MARNIE BRECKENRIDGE – An Interview with “La Princesse” of Philip Glass’ Orphée

By Seán Martinfield
Sentinel Editor and Publisher
Photo by Lynn Imanaka

Ensemble Parallèle presents Philip Glass’ Orphée February 26th and 27th at the Herbst Theater in San Francisco. The work is a direct adaptation of Jean Cocteau’s iconic 1950 film and screenplay, Orphée. The film is a re-telling of the classic tale of Orpheus and Eurydice. The script is opulent in language, its look and use of special effects is stunningly simple yet provocative. The character of “Orpheus” is portrayed by Jean Marais, the romantic hero of Cocteau’s 1946 masterpiece, La Belle et La Bête. Beside him as “Eurydice” is Marie Déa and in-between them is the figure of Death – “La Princesse” – played by enigmatic beauty, Maria Casarès. The themes are strong. What is love? What is death? What is the point of living? Jean Cocteau’s Orphée is cinematic poetry. It was inevitable that it should be transformed into an opera.
Click here to purchase tickets on-line: ORPHÉE

PHILIP GLASS’ ORPHÉE – Eugene Brancoveanu (Orphée),
Marnie Breckenridge (The Princess), Thomas Glenn (Cégeste)
ORPHÉE, directed by Jean Cocteau (1950) –François Périer (Heurtebise),
Marie Déa (Eurydice), Jean Marais (Orphée)

I met with soprano Marnie Breckenridge this past week in a rehearsal room at the San Francisco Conservatory of Music. She will sing the role of “La Princesse”. With one look (and a few vocal illustrations later), it became obvious that Marnie is the perfect choice for this iconic and multi-faceted role.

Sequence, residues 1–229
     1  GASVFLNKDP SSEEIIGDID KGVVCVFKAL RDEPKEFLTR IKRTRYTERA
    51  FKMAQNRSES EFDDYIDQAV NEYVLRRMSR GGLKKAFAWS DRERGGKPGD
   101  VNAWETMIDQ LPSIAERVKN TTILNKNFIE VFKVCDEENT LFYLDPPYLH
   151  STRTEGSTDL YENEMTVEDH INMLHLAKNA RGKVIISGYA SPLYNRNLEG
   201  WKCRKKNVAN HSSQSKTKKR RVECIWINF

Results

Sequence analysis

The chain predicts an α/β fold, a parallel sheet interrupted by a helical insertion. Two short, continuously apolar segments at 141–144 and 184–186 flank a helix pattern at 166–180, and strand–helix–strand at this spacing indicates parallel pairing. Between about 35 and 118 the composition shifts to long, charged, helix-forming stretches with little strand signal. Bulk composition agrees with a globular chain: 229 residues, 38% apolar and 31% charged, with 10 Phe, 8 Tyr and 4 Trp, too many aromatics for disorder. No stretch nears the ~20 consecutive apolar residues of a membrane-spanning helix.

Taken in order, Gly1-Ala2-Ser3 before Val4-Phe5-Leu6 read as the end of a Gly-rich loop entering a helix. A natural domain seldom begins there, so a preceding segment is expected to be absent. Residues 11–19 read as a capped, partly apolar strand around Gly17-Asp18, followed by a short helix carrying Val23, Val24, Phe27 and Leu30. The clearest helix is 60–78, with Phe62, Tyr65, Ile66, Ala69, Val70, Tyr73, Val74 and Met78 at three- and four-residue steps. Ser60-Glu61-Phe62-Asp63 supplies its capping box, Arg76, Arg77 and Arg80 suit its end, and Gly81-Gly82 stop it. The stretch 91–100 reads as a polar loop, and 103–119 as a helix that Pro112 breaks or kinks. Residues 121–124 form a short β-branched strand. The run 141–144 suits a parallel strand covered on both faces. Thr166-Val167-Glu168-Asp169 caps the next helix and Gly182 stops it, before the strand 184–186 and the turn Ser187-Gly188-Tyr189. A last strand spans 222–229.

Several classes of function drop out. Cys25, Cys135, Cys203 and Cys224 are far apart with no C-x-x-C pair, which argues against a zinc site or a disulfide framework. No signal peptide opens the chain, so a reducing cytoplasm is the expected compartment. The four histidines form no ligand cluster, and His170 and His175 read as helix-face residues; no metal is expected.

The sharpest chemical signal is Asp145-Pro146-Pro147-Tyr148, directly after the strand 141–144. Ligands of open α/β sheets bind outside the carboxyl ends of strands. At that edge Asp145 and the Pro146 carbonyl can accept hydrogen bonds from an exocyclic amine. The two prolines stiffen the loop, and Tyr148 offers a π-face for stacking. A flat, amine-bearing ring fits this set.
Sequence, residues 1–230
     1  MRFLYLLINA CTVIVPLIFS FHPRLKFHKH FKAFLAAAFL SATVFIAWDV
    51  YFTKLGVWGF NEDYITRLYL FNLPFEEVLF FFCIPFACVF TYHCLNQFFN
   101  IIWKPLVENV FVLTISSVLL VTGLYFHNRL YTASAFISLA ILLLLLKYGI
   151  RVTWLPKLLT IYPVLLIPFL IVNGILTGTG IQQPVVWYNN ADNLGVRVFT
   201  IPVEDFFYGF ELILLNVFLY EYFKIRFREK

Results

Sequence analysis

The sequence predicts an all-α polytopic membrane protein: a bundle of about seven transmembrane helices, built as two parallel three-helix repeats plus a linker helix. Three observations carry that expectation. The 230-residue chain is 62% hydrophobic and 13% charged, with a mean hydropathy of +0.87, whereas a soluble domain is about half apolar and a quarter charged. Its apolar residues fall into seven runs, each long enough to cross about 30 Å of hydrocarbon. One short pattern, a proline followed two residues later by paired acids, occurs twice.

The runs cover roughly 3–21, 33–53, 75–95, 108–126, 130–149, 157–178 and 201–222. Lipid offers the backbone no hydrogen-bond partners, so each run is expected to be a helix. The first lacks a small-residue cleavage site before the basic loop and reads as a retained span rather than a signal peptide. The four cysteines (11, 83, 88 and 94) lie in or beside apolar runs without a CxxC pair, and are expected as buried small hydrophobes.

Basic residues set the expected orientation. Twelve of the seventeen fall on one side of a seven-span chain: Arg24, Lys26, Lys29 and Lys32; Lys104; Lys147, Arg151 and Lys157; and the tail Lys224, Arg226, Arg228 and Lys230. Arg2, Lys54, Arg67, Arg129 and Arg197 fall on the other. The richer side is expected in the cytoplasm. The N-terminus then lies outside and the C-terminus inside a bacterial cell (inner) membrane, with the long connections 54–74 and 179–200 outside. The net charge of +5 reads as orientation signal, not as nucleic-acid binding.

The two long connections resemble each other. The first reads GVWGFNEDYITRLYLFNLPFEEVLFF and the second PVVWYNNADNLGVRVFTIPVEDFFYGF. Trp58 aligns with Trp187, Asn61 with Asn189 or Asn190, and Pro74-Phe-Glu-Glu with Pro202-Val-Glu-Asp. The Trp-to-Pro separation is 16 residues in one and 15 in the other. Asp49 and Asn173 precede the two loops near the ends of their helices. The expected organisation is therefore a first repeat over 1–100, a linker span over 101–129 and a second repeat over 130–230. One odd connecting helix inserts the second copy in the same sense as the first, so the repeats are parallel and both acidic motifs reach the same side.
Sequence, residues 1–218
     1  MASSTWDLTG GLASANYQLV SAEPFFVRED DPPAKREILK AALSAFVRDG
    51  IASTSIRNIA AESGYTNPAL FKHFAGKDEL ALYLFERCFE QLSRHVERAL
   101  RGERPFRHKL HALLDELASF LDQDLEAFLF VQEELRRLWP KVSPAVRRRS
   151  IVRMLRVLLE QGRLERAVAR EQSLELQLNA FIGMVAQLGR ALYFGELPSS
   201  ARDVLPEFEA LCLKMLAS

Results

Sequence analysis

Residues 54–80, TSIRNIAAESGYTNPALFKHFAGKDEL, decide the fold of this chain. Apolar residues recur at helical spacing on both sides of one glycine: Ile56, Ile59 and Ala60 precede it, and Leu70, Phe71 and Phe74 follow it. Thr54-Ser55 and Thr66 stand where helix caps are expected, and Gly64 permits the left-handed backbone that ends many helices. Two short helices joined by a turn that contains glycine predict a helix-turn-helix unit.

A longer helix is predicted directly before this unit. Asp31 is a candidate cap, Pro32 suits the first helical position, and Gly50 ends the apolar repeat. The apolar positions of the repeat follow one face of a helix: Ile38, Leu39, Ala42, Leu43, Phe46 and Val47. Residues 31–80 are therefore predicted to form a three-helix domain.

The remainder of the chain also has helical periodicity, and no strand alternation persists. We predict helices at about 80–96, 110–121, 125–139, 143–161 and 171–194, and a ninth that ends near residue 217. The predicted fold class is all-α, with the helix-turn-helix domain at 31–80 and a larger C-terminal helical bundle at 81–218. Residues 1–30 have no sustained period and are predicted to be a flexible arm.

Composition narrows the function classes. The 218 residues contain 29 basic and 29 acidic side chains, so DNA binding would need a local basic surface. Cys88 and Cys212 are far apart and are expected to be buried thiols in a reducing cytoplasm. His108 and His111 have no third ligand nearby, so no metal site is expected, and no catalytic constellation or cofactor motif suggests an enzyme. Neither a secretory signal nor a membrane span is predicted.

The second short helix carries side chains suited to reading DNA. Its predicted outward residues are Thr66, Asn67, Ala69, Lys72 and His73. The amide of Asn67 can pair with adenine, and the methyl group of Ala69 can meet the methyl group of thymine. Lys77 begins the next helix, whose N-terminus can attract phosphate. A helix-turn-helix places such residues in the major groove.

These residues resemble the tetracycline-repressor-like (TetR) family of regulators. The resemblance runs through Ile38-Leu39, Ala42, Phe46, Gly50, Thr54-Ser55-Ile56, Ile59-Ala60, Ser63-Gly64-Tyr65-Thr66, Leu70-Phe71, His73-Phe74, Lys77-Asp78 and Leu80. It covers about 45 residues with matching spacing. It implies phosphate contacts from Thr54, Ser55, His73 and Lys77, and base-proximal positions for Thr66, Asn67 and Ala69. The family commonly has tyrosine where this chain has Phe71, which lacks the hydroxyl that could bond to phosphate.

MARIA CASARÈS – as La Princesse. Orphée (1950)

Sean: I first saw the film in connection with a French class in high school. I was mad for the teacher, so I joined the French Club – which meant, at the end of the semester, going to dinner at a French restaurant and then on to a French film. Imagine! It just so happened Orphée was on the bill at some avant garde-type theater and that’s where we went. I was totally taken with it. The next encounter was in college during a course in “film appreciation” and my response was the same. So, here I am studying the film again in order to appreciate its adaptation into an opera, and talking to the soprano who is singing “La Princesse”. The actress in the film, Maria Casares, seems to me a cross between Greta Garbo and Elvira, Mistress of the Dark. Put the two of them together and you get the alluring figure of Death.

Marnie: Yes! A very apt description.

Sean: How did you get involved with the project?

Marnie: I was called to audition for it. I used to live in the Bay Area and did a lot around here. I’ve appeared at Festival Opera, I did “Papagena” at San Francisco Opera, “Inez” in Trovatore, “Olga” in The Merry Widow – a lot of smaller things while I was still studying. I did a lot of modern music. I’ve worked one-on-one with composer Jake Haggie, a lot of stuff with him. I’ve worked with Philharmonia Baroque, composer David Conte, and I did Ned Rohrem’s Our Town at Festival Opera. I’ve had my little paw in the modern music world. Somebody at Ensemble Parallèle – either Nicole Paiement or Brian Staufenbiel – had seen or heard about me and asked me to audition. It worked out really well because I was also going to debut David Conte’s Sexton Songs. He’s done some amazing settings of Anne Sexton’s poetry. We did it with the Blueprint Series in October. I also recorded them, Nicole conducted the orchestra. So, I had already auditioned and they asked for a video of me singing something in French.

Sean: What did you sing?

Marnie: Juliette’s “Waltz” – just a little video. But, I had the opportunity of working with Nicole when we did the BluePrint Series of David Conte’s music.

Sean: How is it for you? What are you discovering about this role?